- Characteristics: Falcons are well-known for their formidable strength and speed, lethal nature, sharp eyesight, and excellent hunting skills.
Mongooses are small furry creatures, usually 23 cm long and 1 kg to 6 kg in weight. They’re well-known for their fearless attacks on extremely venomous animals like king cobras.
They’re solitary animals and live in large groups known as mobs, packs, and colonies (depending on their species). They prefer to reside in burrows and feed on various animals such as birds, eggs, and sometimes, even fruits!
They use their agility and strength to toss the head of their snake prey and crack their skull with a powerful bite.
- Appearance: Mongooses have short legs, small ears, pointed noses, and long downy hair. In addition, the color of their fur varies from gray to brown and is usually drizzled with a light gray color.
- Size: 24 cm to 28 cm in length, 320 g to 5 kg in weight
- Color: Brown or gray
- Lifespan: 6 to 10 years
- Habitat: Woodlands, forests, and semi-arid locations
- Characteristics: These creatures are active and energetic with small ears, pointed noses, and furry tails.
Owls are specialized predators. They have specialized eyes and ears that help them locate their prey quickly.
Additionally, they have sharp hooked beaks with acute vision and hearing that help them locate their prey by reflecting the sound through their ears. They also have unique feathers that allow them to fly without any noise.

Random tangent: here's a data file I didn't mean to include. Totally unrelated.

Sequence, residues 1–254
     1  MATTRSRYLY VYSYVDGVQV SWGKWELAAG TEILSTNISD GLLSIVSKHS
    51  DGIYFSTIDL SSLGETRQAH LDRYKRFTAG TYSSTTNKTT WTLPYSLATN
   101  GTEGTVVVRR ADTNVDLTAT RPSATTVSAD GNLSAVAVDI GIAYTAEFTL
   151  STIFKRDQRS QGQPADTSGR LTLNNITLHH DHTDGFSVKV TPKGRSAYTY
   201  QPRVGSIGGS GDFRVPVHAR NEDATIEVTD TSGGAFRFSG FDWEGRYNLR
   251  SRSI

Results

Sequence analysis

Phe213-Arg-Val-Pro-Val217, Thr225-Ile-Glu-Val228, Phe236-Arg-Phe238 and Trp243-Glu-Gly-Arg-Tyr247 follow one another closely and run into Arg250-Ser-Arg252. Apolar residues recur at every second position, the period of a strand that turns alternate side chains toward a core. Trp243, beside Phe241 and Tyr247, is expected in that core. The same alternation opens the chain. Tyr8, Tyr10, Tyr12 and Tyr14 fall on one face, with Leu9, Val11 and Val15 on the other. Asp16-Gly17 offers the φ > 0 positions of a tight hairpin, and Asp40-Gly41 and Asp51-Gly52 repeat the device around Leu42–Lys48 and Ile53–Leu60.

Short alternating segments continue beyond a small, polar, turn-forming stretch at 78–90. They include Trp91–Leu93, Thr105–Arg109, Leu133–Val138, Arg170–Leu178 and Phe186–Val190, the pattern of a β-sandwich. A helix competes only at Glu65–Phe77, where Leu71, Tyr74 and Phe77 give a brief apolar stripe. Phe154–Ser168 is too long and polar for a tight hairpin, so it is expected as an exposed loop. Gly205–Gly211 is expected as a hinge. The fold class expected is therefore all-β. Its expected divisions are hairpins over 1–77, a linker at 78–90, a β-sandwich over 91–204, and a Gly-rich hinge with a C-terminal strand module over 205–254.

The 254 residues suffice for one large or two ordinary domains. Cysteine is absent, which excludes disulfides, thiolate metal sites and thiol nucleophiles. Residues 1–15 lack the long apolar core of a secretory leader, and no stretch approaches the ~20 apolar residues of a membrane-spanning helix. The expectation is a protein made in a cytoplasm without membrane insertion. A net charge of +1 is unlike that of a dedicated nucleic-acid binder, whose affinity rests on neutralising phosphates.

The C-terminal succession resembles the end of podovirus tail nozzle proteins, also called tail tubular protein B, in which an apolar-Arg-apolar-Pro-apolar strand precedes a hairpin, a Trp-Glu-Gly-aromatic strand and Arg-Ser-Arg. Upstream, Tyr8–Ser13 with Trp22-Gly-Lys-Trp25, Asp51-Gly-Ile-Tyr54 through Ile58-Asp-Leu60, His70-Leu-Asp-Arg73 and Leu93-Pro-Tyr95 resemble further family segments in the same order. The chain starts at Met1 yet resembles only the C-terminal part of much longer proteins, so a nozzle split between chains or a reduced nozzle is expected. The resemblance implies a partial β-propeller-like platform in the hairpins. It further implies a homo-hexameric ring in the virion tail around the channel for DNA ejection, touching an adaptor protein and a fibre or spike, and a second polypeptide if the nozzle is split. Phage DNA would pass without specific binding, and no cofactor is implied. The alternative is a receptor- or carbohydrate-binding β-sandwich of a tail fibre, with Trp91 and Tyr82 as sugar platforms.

Due to their sharp eyesight and agility, they hunt elusive and venomous snakes effectively. They attack by swooping down, striking, and using their strong claws to grab the snakes in the ground and taking off to a branch of a tree to eat them.
- Appearance: Owls have flat faces, large eyes, and small, hooked snoots. Their tails are short, and they have rounded wings with sharp claws and big feet.
- Size: 13 cm to 70 cm long, 3 to 4 pounds
- Color: White with shades of gray, tan, brown to deep brown
- Lifespan: 25 years
- Habitat: Mountains, plains, deserts, coniferous forests
- Characteristics: Owls are usually active during dusk and dawn and can be found either in groups or alone. Their ears and eyes are also particularly unique as it helps them find their prey’s location.
Red-tailed hawks are one of the biggest Buteo hawks found in North America. Males are slightly smaller than females—which is only normal among raptors.